Category: Commas

i.e. vs. e.g.

Posted on Tuesday, October 7, 2014, at 3:25 pm

Be honest now: do you know the difference between i.e.and e.g.? A lot of people think the two are virtually the same, but if they were, we’d only need one of them. So let’s break it down, once and for all. Writers use i.e. to restate the subject at hand: A good Samaritan (i.e., my neighbor Blake Smith) drove my …

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Essential and Nonessential Elements, Part III

Posted on Tuesday, September 2, 2014, at 10:41 am

See what you can infer from this sentence: When my three siblings and I entered the dark house, my brother, Marky, got scared. A careful reader would know instantly that the author had one brother and two sisters. Why? Because of the commas surrounding Marky, which tell us that the brother’s name is nonessential. The commas enable the …

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Essential and Nonessential Elements, Part II

Posted on Tuesday, August 26, 2014, at 1:04 pm

Here is the rule again, in case you missed it: Essential elements in a sentence should not be enclosed in commas. Nonessential elements in a sentence should be enclosed by commas. Last time, we applied the rule to clauses. Today we’ll look at essential and nonessential phrases (a phrase is two or more related words …

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Essential, but Is It Important?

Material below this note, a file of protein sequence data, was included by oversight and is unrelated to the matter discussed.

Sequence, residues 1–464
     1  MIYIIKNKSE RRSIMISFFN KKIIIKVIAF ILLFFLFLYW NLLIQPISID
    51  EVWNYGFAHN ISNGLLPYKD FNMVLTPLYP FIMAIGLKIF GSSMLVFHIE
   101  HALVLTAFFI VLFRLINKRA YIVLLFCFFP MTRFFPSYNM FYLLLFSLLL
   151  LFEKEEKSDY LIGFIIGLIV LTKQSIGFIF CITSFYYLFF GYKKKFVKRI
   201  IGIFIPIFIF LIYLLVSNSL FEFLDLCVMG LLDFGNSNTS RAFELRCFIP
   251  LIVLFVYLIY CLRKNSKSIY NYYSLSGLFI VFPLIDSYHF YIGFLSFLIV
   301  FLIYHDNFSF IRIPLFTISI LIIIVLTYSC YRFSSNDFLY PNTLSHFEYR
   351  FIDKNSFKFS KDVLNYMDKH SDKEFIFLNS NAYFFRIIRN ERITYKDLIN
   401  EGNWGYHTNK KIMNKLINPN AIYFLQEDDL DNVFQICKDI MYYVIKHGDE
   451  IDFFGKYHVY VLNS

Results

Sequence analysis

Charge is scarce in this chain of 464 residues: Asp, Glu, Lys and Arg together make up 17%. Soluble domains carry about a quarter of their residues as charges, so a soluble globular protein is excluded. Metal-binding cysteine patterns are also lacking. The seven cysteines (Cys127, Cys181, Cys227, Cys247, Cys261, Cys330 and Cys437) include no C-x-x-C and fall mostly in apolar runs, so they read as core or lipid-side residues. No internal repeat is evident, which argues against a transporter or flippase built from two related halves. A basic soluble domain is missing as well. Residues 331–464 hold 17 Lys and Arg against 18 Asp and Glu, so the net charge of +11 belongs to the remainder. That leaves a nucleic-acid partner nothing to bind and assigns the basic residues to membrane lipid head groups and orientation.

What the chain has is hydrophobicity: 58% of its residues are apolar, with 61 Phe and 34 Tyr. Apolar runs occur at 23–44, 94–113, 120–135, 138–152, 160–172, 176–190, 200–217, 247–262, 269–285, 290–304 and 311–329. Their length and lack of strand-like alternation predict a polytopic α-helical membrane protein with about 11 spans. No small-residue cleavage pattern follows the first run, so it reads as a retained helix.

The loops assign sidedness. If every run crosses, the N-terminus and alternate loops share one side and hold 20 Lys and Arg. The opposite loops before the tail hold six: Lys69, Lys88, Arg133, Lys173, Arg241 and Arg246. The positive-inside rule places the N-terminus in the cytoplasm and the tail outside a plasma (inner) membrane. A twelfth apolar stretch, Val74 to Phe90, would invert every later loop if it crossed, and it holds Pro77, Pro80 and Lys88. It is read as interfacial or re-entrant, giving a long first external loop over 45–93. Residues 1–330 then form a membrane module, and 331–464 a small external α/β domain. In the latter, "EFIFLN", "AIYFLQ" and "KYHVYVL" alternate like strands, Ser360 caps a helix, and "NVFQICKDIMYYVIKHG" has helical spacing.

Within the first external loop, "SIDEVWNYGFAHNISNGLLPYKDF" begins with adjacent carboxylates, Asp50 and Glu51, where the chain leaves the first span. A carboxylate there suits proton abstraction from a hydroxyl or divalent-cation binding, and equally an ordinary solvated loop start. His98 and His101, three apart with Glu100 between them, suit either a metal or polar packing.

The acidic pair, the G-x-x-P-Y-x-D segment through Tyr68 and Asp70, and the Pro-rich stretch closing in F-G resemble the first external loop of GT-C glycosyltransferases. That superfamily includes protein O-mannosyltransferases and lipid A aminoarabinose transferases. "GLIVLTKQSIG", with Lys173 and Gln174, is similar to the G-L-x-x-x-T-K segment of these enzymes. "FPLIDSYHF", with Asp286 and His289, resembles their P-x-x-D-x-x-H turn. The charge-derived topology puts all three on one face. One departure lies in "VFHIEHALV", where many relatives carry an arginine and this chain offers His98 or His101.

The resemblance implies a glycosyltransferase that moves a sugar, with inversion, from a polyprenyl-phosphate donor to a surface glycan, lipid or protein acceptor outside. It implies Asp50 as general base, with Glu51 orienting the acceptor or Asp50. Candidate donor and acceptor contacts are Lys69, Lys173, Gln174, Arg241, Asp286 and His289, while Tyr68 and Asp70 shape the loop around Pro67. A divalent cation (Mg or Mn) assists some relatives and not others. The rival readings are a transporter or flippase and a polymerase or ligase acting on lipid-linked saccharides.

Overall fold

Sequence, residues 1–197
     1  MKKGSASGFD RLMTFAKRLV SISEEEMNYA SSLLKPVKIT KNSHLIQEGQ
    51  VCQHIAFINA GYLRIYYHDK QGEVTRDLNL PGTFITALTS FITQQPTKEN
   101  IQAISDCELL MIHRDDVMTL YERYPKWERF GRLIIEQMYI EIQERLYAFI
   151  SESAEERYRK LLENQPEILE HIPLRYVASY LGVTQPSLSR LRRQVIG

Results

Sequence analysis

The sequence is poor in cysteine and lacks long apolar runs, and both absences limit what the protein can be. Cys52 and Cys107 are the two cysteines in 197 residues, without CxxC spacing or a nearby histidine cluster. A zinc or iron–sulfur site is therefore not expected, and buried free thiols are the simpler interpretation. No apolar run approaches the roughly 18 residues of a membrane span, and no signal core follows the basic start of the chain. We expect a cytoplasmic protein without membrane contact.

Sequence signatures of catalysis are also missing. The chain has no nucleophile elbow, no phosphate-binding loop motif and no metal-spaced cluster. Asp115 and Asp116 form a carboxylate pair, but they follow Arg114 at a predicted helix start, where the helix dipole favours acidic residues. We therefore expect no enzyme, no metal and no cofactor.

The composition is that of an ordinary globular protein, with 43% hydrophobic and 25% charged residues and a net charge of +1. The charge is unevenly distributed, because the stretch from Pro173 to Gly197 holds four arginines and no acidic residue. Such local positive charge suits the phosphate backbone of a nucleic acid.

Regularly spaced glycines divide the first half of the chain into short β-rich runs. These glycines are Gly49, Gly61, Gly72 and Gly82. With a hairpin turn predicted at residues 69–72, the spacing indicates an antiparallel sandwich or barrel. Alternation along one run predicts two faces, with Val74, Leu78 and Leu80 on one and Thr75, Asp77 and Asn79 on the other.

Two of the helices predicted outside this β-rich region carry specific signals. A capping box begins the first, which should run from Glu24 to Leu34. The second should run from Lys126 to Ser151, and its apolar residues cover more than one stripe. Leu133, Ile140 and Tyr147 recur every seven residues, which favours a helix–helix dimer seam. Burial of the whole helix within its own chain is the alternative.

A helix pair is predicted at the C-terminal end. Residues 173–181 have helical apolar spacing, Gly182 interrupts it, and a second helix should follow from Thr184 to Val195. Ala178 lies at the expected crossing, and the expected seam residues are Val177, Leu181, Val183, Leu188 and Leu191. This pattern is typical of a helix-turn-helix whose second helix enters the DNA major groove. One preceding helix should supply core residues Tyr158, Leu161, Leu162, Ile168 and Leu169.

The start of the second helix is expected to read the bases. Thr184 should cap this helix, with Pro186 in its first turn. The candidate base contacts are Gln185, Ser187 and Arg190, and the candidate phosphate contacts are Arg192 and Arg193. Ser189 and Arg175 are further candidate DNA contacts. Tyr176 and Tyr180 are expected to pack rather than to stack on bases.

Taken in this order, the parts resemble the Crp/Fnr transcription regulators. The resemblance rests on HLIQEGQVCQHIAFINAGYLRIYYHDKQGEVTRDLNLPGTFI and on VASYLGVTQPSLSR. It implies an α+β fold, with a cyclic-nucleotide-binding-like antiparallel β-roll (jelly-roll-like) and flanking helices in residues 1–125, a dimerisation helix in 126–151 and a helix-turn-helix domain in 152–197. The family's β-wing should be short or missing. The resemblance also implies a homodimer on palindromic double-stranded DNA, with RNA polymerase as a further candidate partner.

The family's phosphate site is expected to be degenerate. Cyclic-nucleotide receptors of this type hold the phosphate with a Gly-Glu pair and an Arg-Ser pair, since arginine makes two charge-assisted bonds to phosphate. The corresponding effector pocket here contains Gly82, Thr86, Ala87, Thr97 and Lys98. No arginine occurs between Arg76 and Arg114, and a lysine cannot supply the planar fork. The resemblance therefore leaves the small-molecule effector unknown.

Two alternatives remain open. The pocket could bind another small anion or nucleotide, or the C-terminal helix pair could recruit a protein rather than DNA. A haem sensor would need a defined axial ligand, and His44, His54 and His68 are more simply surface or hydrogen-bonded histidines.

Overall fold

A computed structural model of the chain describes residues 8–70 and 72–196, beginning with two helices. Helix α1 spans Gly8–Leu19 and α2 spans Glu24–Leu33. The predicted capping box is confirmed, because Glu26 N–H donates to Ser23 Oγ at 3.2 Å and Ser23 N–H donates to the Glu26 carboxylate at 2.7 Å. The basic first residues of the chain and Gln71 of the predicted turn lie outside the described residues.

Posted on Tuesday, August 19, 2014, at 11:14 am

Commas are tricky little devils. Anyone who wants to use them correctly will at some point encounter the terms essential and nonessential. The rule is that so-called essential elements should not be enclosed in commas. Conversely, nonessential elements require commas fore and aft. By “elements” we mean clauses, phrases, and even single words. Today we …

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(All About) Parentheses

Posted on Sunday, March 23, 2014, at 9:25 pm

The singular form is parenthesis, but the plural parentheses is the word you’re more likely to see. Both words have a wide range of related meanings, and what some people identify as a parenthesis, others call parentheses. So let’s keep it simple. For our purposes, a parenthesis is one of a pair of curved marks …

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